Gay breaks big-3 barriers

Thursday, 22 April 2010 With sub-45 run, Gay becomes first to break three major sprint barriers

Tyson Gay wins the 100m at the 2009 Super Meet in Kawasaki (AFP / Getty Images)

relnews 2007 triple World champion Tyson Gay reached a unique sprinting milestone on Saturday (17) after breaking through the 45-second barrier in the 400m.

The 27-year old American, who took silver in the 100m at last year’s World Championships, clocked 44.89 at the Tom Jones Memorial Classic in Gainesville, Florida, finishing second to 400m specialist Calvin Smith Jr. (44.81), the son of the former 100m World record holder and two-time World 200m champion. This was only the fourth official outing over the distance for Gay, who had a personal best of 45.57 from last year’s Texas Invitational at Austin. But more significant than even his massive personal best, is that Gay became the first man in history to dip under 10.00 in the 100m, under 20.00 in the 200m, and under 45.00 in the 400!

Gay is the U.S. record holder at 100m with 9.69, the second best time ever. Only Usain Bolt with his World record 9.58 in Berlin last year has run faster. Gay is ranked third all-time in the 200m at 19.58. Only Bolt (19.19 WR in Berlin, 19.30 WR at 2008 Beijing Olympics and 19.57 in Brussels last year) and the legendary Michael Johnson (19.32 WR at 1996 Atlanta Olympics), have run faster.

Based upon the IAAF Outdoor Scoring Tables, Gay now ranks third behind Bolt and Johnson when their personal bests are combined. Bolt is the leader with 3893 points (1374+1356+1163), followed by Johnson with 3817 (1182+1335+1300), and Gay with 3813 (1332+1293+1188). Johnson is the 400m world record holder with 43.18 from 1999 World Championships in Seville, and has a 10.09 career best in the 100m.

Looking back, 1992 Olympic 200m champion Michael Marsh was the first to seriously challenge the ultimate sprinter’s hat-trick. Marsh produced personal bests of 9.93 at 100m, 19.73 at 200m and 45.08 at 400m. With (9.87 and 19.97 bests, Obadele Thompson from Barbados was the next to approach the milestones, but fell shy with a 400m best of just 45.38.

In recent years there have been a handful of sprinters illustrating the talent and skills to approach the barriers, but Gay wasn’t considered as part of that group. More likely candidates were two other Americans - Wallace Spearmon and Xavier Carter, both 200m specialists.

In 2006 Spearmon clocked 19.65 and 45.22 and the following year surprisingly broke the 10-seconds barrier at 100m in Shanghai where he clocked 9.96.

Carter, meanwhile, exploded in just a month’s time in the spring and early summer of 2006 when he clocked 44.53 at 400m and 19.63 at 200m in Lausanne. Injury setbacks followed but he nonetheless came tantalisingly close at the 2008 U.S. Olympic Trials when he clocked 10.00 in the 100m.

As a teenager Usain Bolt was known as a 400m super prodigy. At just 16, he ran 45.35, but seven seasons later his best has come down to just 45.28 from 2007. He was a sub-20 sprinter at 17 and since 2008 has become the new Sprint King after his record-setting antics at the Beijing Olympics and Berlin World Championships. Now, after his rival Gay’s sub-45, Bolt has one more reason to go back to the one-lap sprint to match the American’s achievement and perhaps go even farther – to run a sub-44 performance!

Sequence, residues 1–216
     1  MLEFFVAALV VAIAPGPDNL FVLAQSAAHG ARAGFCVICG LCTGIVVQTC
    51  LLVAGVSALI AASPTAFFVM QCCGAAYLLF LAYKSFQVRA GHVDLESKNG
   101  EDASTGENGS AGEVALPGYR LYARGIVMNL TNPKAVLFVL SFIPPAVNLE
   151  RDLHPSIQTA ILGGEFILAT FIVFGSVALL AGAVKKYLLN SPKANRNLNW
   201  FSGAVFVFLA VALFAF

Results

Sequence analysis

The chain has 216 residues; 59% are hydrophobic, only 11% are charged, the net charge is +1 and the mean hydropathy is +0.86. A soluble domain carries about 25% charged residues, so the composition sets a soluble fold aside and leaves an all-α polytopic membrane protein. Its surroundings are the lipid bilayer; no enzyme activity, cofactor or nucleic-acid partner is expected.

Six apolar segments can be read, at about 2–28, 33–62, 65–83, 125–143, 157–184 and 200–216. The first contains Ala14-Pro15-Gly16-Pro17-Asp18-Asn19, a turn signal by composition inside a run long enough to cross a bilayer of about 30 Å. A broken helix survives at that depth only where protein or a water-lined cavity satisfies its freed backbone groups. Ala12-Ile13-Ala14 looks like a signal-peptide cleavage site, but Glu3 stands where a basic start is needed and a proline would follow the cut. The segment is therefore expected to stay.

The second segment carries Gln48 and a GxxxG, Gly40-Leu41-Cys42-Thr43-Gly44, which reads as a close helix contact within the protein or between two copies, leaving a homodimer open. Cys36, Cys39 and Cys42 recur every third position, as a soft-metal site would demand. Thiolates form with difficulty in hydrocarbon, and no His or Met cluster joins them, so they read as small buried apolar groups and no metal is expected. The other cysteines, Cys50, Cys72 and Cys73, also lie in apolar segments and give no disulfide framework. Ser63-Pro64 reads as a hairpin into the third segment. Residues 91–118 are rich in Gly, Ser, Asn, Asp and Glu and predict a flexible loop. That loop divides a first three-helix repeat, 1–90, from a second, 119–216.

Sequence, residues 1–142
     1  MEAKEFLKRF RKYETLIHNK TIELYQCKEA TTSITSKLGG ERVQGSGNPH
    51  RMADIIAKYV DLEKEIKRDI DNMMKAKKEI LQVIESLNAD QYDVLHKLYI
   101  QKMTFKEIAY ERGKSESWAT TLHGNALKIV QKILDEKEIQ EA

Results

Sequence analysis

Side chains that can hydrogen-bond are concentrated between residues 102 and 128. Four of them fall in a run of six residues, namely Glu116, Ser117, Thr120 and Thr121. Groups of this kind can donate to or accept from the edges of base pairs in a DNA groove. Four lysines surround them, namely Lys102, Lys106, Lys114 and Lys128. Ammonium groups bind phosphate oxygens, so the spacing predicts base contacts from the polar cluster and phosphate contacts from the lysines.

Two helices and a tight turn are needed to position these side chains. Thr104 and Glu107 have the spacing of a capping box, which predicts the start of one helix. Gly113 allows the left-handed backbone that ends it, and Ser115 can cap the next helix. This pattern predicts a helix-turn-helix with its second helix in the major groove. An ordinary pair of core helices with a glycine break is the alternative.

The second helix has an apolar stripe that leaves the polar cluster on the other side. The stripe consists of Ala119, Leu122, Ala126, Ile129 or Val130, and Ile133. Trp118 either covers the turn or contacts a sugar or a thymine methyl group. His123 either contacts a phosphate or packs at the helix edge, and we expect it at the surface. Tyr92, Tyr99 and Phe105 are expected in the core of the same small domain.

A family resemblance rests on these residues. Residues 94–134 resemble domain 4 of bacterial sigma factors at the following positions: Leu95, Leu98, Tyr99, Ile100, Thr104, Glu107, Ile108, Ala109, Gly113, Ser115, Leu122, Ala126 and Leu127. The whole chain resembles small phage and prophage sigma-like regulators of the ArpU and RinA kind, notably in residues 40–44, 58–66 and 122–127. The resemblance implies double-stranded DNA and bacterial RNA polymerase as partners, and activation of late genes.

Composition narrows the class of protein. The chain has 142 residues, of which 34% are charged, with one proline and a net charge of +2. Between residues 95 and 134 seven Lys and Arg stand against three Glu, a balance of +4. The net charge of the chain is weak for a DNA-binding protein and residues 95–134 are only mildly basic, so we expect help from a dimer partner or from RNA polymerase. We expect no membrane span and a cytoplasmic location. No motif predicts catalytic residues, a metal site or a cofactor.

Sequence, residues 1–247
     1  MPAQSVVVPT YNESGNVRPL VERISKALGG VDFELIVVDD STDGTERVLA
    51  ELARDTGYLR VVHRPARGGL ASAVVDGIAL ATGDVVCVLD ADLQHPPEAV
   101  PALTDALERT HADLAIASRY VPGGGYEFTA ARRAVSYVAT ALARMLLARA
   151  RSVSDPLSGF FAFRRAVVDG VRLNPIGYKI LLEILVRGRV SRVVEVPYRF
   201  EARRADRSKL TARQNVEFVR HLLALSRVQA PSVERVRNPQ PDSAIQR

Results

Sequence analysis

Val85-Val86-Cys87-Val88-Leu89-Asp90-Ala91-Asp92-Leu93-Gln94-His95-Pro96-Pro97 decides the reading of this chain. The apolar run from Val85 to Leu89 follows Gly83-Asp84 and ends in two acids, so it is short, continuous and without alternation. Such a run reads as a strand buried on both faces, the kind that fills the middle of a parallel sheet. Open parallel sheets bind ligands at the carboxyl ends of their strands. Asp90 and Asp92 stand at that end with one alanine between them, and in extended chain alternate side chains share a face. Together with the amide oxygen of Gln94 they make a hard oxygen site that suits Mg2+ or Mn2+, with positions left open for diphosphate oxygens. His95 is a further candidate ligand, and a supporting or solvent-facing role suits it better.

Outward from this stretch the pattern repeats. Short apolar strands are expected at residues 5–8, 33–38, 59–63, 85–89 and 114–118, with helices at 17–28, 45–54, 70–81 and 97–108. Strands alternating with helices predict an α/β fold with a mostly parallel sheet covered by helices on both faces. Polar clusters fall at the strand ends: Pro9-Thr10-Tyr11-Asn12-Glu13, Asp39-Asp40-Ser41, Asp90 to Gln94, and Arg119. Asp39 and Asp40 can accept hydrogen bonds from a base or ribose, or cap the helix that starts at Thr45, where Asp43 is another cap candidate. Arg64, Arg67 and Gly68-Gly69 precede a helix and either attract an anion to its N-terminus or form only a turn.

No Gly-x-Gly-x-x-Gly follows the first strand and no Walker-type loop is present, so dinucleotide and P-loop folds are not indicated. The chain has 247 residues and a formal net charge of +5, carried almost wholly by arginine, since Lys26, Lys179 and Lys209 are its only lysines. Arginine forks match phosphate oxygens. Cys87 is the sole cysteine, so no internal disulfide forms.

Ivan Tchechankov for the IAAF

Is it just me or does Tyson Gay seem impervious media or fan interest?

Early season 400m times for athletes like Bolt and Powell generate substantial media coverage, along with plenty of discussion in forums like this, but Gay…even after posting a time that would have been medal worthy in Berlin a year ago…doesn’t even dominate the word count in an article dedicated to his accomplishment.

I find him a very interesting athlete. He raised his game to close down the gap between him and Powell at a time when he was considered just a 200 guy, and after Bolt exploded in 2008 creating a tectonic shift in sprinting, Tyson only seemed to spent about a moment being surprised by it and immediately said “Yep, me too” and got down to the business of trying to close the gap.

I am eager to see where his 200m race might be at this year as he lost both 2008 and 2009 to injury but is showing all the signs of a major breakthrough at that distance as well.

I am also curious to see how he and his team try to make up the gap in his starting and that 40m-60m segment that he seems to lose out on to Bolt. That crazy arm action (totally straight arms for first few strides out of the blocks) can’t help establish rhythm early on.

Or is there just nothing of interest to talk about in a guy who is only the second fastest of all time?

Part of the problem is no one knows what he’s doing and where he is- coaches etc till he starts racing. Agree the arm action over the early few steps is a problem.

I guess that would make it difficult; particularly for the inquisitive minds on this site. No red meat.

From what people hear, is it a deliberately low profile to fit his personality or do they just not like to talk about what they do?